Accessibility links

Breaking News

More Tales From Azerbaijan's North Korea

Naxcivan: increasingly cut off from reality
Naxcivan: increasingly cut off from reality
It's not easy being a police officer in Naxcivan, Azerbaijan's increasingly barmy and authoritarian exclave (See "Jailed For Not Paying A Bribe"). After a long working day, police officers keep themselves busy -- making sure that no political speeches are conducted at weddings (forbidden recently), or helping other public servants by working in the wheat fields.

So after a long, hard day, it's easy to imagine a police officer's thoughts while riding the bus home. He probably dreams of taking his boots off, changing his dirty clothes, and sipping tea with his family.

So it's perhaps not surprising that four police officers reacted so harshly when a discussion about their appearance interrupted their thoughts. One of the bus riders cited a proverb, something along the lines of "with this attire one comes from either the mill or the grain field."

Hasan Ibrahimov, a resident of the Kangarli district, was unlucky and careless enough to say the proverb loud enough to be heard. For his sins, Ibrahimov says he was taken to the police station and beaten until he lost consciousness. Upon coming round, he says he was forced to apologize.

The police have defended the arrest and said that "Ibrahimov was called to order and received a warrant from the police for drunk misbehavior."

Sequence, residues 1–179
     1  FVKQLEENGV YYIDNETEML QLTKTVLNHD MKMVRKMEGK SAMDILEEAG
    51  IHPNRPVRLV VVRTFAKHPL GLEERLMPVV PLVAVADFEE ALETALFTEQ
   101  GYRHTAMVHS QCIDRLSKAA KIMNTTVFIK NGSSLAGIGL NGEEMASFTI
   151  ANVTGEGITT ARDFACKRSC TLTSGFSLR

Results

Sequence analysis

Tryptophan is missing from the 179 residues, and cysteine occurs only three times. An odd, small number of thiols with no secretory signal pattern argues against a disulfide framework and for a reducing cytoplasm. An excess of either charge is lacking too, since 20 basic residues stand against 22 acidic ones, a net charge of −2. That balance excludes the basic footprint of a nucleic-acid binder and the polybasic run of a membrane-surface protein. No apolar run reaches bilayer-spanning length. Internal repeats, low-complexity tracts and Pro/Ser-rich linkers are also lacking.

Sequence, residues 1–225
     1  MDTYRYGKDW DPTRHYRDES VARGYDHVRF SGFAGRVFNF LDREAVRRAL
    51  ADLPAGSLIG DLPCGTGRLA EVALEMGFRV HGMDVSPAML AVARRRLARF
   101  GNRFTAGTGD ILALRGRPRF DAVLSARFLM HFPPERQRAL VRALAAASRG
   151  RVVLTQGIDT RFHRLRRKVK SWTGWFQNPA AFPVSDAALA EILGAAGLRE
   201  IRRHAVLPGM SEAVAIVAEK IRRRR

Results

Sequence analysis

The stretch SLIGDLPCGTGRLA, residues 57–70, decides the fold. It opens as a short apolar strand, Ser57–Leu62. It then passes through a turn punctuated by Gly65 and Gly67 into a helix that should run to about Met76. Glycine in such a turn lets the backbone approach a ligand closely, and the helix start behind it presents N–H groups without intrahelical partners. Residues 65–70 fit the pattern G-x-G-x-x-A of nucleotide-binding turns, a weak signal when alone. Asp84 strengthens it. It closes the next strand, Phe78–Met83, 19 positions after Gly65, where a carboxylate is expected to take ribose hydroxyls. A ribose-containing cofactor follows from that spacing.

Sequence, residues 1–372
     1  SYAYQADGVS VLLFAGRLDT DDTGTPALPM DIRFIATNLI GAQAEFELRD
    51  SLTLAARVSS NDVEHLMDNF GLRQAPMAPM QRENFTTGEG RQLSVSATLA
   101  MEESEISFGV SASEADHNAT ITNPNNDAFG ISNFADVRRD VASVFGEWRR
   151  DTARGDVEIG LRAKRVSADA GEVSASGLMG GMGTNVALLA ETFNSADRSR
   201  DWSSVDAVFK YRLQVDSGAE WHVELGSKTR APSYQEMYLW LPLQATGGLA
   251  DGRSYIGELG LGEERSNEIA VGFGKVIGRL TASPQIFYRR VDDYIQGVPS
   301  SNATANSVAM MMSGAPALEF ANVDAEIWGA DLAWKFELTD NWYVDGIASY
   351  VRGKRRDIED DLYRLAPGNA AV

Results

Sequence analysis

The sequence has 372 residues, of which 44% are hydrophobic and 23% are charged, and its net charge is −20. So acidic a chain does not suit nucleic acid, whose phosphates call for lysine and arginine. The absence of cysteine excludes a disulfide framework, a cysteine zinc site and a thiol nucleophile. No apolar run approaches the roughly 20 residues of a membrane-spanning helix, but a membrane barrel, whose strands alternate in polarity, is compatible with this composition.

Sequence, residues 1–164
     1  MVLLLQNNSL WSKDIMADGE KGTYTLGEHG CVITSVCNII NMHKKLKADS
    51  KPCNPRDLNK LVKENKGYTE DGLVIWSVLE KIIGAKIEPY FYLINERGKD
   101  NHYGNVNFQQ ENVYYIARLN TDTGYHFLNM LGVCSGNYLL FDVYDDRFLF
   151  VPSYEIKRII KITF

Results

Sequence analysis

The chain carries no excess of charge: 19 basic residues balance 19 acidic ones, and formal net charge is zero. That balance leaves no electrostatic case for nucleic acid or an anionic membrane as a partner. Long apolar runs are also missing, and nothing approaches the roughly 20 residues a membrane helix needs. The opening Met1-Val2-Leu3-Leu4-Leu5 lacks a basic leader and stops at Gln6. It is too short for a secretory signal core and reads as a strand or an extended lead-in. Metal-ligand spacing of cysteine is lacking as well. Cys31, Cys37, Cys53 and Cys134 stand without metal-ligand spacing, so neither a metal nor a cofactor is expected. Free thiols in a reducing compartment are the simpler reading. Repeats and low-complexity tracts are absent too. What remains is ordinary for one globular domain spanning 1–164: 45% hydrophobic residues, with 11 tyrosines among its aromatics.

Ibrahimov has filed a complaint about the police officers' behavior at the prosecutor's office.

That, however, is unlikely to amount to much. The problem for residents of Naxcivan is that they are absolutely helpless when faced with harassment by the local authorities. The exclave has no direct land links with the rest of the country (it's separated from the rest of the country by Armenia). Or as one human rights activist says: "International and local human rights activists get harassed when they are going to Naxcivan, needless to say local residents are in worse shape. Naxcivan officials enjoy being out of anyone's control."

-- Khadija Ismayilova

About This Blog

Written by RFE/RL editors and correspondents, Transmission serves up news, comment, and the odd silly dictator story. While our primary concern is with foreign policy, Transmission is also a place for the ideas -- some serious, some irreverent -- that bubble up from our bureaus. The name recognizes RFE/RL's role as a surrogate broadcaster to places without free media. You can write us at

Latest Posts